Despite the implied illegality of the album title, Bootleg Detroit
is a far cry from the sort of sonically-dodgy audio contraband one would expect to pick up at a record fair. An officially sanctioned, high-quality audience recording taken from a date on Morphine's Cure for Pain
tour in March 1994, the tapes were mixed and edited by beat-poet band leader Mark Sandman only weeks before his fatal heart attack on stage in Italy, July 1999. Regrettably then, given the untimely demise of this truly ground-breaking combo, Bootleg Detroit
now stands as an item of nostalgia. A grainy, black and white snapshot of the swarthy Bostonian minimalists (Sandman's smooth vocal sulk and elasticated two-string slide bass, drummer Billy Conway's swinging percussion, Dana Colley simultaneously honking away on the baritone and tenor saxes like a choir of traffic-jam car horns ) in all their early jazz-hued, sexily low-rent rock & roll glory. Imagine John Coltrane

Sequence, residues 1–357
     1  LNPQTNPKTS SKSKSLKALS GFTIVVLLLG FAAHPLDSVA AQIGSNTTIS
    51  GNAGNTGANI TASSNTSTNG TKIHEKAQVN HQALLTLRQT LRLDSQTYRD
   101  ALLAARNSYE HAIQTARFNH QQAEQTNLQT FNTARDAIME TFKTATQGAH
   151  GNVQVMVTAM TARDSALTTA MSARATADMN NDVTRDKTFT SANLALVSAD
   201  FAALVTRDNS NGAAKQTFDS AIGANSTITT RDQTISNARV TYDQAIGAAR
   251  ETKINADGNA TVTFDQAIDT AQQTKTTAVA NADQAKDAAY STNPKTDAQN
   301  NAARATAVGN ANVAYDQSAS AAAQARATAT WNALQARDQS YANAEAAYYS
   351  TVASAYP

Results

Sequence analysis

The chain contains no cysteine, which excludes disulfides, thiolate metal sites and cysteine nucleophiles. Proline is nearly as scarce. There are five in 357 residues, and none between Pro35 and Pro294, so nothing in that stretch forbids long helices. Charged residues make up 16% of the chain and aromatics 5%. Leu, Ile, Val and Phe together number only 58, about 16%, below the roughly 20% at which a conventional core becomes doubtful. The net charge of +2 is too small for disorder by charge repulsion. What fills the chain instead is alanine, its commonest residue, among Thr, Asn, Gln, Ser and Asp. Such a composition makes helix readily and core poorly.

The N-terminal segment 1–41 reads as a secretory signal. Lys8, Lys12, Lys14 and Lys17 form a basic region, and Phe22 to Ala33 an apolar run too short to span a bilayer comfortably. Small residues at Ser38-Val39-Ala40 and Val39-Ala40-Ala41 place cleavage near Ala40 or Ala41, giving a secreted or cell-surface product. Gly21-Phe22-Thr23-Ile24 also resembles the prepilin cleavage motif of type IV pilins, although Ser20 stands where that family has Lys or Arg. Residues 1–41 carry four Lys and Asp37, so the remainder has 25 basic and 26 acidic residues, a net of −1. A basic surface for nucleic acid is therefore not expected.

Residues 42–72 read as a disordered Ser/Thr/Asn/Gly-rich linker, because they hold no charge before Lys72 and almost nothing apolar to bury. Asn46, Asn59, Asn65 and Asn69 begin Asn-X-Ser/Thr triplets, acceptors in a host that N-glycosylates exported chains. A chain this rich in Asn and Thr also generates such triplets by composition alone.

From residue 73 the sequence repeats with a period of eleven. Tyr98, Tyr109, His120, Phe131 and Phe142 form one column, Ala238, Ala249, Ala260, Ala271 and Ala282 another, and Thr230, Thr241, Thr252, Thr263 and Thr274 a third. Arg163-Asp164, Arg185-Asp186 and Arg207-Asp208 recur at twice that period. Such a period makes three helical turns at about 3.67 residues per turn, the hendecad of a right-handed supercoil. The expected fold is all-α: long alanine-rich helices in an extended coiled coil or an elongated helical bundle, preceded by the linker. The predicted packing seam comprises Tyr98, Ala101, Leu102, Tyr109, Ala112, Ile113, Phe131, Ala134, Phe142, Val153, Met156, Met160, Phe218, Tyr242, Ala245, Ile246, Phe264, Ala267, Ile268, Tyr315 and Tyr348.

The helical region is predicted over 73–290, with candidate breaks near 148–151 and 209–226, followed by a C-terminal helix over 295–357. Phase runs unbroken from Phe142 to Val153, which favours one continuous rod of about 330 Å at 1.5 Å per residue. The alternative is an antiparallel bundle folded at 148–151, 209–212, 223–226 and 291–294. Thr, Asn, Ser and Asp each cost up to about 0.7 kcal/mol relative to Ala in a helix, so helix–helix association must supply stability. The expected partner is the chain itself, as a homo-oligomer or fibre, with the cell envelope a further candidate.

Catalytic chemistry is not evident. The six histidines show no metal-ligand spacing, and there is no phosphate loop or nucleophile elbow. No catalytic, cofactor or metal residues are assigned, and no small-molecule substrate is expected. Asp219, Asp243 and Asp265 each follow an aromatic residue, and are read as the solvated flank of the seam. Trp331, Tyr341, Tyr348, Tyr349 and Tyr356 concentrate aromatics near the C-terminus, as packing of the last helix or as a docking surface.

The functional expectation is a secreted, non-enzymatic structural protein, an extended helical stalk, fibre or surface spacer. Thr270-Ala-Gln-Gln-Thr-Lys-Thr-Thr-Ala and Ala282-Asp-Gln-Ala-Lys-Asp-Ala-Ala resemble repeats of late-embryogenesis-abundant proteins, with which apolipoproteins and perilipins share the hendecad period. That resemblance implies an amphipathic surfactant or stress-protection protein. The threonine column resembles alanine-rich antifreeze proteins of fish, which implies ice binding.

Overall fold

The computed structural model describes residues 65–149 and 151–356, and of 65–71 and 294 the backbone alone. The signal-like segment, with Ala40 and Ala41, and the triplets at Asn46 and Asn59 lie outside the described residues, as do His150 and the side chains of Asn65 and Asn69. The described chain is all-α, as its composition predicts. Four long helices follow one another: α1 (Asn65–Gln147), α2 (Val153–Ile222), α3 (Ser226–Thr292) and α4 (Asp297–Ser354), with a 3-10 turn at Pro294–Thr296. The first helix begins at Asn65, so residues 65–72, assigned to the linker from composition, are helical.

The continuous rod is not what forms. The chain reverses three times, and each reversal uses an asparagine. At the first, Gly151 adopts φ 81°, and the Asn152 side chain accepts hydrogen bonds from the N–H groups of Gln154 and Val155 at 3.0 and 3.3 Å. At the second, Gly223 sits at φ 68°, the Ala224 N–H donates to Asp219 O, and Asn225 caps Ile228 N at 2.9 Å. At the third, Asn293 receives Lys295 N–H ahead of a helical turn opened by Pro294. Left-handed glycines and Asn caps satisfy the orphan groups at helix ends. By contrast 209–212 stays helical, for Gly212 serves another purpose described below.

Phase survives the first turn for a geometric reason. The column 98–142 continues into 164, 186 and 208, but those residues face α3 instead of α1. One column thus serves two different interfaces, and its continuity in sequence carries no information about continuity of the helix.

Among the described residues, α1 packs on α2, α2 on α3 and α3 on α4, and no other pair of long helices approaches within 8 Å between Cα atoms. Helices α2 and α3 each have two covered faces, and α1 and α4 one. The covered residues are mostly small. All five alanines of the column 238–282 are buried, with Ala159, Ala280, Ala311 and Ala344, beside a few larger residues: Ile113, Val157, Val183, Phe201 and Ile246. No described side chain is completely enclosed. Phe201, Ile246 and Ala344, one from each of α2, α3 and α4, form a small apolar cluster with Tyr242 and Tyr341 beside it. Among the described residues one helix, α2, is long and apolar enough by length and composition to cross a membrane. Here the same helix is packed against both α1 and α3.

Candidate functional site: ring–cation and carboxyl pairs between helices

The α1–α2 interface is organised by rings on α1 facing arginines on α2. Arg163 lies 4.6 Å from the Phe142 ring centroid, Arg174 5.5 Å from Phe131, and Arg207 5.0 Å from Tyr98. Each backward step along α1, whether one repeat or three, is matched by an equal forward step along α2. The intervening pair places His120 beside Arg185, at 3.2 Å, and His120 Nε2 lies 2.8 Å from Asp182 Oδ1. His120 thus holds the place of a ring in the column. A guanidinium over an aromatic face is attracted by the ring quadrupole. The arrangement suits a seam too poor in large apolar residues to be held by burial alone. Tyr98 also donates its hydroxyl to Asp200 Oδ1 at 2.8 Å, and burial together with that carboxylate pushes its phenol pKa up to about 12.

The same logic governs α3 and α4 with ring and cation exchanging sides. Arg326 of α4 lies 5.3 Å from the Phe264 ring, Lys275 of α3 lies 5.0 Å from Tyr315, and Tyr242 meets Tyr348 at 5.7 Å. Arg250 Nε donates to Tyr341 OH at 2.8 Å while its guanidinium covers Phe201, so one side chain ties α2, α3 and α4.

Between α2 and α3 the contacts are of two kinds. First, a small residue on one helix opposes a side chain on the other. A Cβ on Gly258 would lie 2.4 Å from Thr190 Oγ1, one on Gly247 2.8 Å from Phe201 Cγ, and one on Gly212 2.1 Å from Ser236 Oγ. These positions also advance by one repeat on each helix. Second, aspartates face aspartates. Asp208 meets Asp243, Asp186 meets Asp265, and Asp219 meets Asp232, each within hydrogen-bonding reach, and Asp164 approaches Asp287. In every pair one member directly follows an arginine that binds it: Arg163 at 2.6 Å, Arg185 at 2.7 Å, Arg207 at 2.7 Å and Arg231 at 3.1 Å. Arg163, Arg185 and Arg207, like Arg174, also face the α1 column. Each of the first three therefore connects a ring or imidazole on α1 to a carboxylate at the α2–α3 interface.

meeting the darkness of Joy Division
via the street-wise suss of Lou Reed
. Completists note; the album contains a brace of previously unreleased tracks in "Come Along" and the spoken word "My Brain", plus video footage of Morphine performing two songs at the 1995 Montreux Jazz Festival. --Kevin Maidment.